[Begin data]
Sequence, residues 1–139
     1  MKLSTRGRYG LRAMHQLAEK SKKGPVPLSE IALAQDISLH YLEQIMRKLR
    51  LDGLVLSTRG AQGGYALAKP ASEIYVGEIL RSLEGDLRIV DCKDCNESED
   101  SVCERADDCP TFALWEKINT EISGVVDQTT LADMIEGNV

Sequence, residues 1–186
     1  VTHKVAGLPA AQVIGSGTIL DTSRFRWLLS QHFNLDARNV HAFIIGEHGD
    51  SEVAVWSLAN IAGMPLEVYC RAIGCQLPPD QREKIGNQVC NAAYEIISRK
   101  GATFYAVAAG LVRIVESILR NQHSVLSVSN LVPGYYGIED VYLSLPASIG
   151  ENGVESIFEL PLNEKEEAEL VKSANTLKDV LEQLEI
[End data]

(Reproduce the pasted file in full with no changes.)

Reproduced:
Sequence, residues 1–139
     1  MKLSTRGRYG LRAMHQLAEK SKKGPVPLSE IALAQDISLH YLEQIMRKLR
    51  LDGLVLSTRG AQGGYALAKP ASEIYVGEIL RSLEGDLRIV DCKDCNESED
   101  SVCERADDCP TFALWEKINT EISGVVDQTT LADMIEGNV

Sequence, residues 1–186
     1  VTHKVAGLPA AQVIGSGTIL DTSRFRWLLS QHFNLDARNV HAFIIGEHGD
    51  SEVAVWSLAN IAGMPLEVYC RAIGCQLPPD QREKIGNQVC NAAYEIISRK
   101  GATFYAVAAG LVRIVESILR NQHSVLSVSN LVPGYYGIED VYLSLPASIG
   151  ENGVESIFEL PLNEKEEAEL VKSANTLKDV LEQLEI